13 Political Poetry Collections To Read This Election Season
For me, poetry and politics have always gone hand-in-hand, which is why I've compiled these political poetry collections you need to read. From the American Transcendentalists who wrote out against Puritan dogma and sexism in America, to the poets of the Harlem Renaissance who created far-reaching outlets that gave voice to the experience of being black in the United States, to the poetry of the Beat Generation that did everything from protest war to advocate for gay rights, to the poets that are writing hard truths about racial tensions, economic disparities, global violence, and women’s rights today, many poetry writers have used the power of their pens to do a whole lot more than scatter pretty images across the page (although don’t get me wrong, the beautiful stuff is definitely necessary too). My own bookshelves are filled with this kind of political poetry — anti-war poetry collections, and feminist poetry collections, and collections of poetry about equality, acceptance, and justice.
With a 2016 election season that can’t seem to help but only get crazier, I’d say we’re well overdue for a little reality check, and a reminder of why elections are so important (and should be taken so seriously) in the first place. This is something our long history of political poets is great at — getting back to the basics, whittling down words and ideas to their essential meaning, challenging the status quo, and even shaking things up a bit (or, you know, a lot). So with that in mind, here are 13 political poetry collections you’ve got to read this election season.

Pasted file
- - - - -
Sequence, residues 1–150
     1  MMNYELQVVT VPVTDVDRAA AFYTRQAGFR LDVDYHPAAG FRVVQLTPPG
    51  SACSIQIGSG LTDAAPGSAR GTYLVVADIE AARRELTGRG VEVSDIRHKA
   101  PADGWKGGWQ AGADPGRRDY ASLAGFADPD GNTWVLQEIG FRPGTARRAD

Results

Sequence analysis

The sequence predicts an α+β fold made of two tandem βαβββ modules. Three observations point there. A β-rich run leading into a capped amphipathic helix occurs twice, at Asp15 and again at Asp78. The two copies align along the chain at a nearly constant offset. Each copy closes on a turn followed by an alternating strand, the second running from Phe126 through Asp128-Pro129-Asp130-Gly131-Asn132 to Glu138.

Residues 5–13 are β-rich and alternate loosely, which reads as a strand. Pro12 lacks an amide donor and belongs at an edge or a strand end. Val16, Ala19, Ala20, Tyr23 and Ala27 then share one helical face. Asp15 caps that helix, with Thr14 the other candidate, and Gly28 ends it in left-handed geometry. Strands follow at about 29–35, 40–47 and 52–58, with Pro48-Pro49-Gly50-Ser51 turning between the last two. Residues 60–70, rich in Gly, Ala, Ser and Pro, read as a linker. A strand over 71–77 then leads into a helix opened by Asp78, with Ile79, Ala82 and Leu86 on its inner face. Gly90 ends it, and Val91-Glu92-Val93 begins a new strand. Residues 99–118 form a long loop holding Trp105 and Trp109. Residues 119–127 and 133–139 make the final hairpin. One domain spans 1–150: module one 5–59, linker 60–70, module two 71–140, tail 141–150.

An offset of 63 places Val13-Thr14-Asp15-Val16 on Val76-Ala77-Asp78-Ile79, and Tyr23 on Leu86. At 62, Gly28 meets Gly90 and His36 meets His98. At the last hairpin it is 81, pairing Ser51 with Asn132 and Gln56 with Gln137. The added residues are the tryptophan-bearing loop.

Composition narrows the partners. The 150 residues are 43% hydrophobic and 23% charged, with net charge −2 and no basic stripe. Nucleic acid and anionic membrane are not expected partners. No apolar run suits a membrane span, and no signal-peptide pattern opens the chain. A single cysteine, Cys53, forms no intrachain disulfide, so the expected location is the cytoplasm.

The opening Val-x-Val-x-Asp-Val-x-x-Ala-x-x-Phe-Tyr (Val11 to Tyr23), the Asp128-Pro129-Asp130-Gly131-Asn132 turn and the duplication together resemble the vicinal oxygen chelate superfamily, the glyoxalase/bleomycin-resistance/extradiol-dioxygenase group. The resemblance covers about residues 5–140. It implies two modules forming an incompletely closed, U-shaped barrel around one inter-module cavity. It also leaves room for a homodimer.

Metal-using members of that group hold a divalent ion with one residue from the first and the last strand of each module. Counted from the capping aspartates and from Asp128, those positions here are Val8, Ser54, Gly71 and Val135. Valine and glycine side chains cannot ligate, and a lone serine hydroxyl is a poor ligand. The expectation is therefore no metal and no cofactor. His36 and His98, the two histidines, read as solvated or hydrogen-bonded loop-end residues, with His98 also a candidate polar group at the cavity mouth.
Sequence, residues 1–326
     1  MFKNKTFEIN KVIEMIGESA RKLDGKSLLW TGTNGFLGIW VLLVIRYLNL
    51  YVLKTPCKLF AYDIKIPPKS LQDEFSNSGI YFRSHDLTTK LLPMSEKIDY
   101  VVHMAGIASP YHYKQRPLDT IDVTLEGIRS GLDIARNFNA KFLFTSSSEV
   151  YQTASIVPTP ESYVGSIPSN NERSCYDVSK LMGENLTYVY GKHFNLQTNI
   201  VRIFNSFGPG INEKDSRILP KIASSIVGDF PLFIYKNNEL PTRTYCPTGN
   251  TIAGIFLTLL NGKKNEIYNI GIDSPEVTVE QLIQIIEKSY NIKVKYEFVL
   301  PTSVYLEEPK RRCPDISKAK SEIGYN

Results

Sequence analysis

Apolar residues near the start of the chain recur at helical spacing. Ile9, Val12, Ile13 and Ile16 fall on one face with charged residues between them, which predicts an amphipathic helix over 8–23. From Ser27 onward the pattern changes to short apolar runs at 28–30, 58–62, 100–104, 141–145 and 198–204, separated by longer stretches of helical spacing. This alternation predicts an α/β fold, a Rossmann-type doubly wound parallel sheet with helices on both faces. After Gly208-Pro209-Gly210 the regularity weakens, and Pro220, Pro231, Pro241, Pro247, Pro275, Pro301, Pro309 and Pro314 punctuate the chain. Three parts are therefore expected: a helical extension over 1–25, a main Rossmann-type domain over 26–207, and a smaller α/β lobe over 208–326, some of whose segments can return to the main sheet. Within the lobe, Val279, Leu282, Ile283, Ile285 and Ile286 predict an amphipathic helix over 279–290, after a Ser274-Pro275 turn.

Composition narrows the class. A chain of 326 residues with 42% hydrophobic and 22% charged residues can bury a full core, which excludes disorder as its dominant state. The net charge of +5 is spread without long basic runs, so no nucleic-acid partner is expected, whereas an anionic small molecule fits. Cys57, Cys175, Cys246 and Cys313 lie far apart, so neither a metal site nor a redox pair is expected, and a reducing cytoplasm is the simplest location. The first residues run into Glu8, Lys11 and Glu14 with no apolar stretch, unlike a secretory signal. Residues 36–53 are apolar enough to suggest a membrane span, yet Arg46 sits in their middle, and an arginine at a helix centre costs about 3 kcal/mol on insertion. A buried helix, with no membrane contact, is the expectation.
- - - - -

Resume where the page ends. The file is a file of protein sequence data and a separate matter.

1. An Essay in Asterisks by Jena Osman
Funny, big-hearted, and just a little bit scary, Jena Osman’s An Essay in Asterisks is a consciousness-awakening poetry collection that challenges the politics and ethics of modern-day America, and will make you rethink all the tiny things that make up your day-to-day living. Check out the poem Dropping Leaflets, in particular, which reads like a poetic whirlwind of war and life and mess in post-9/11 America.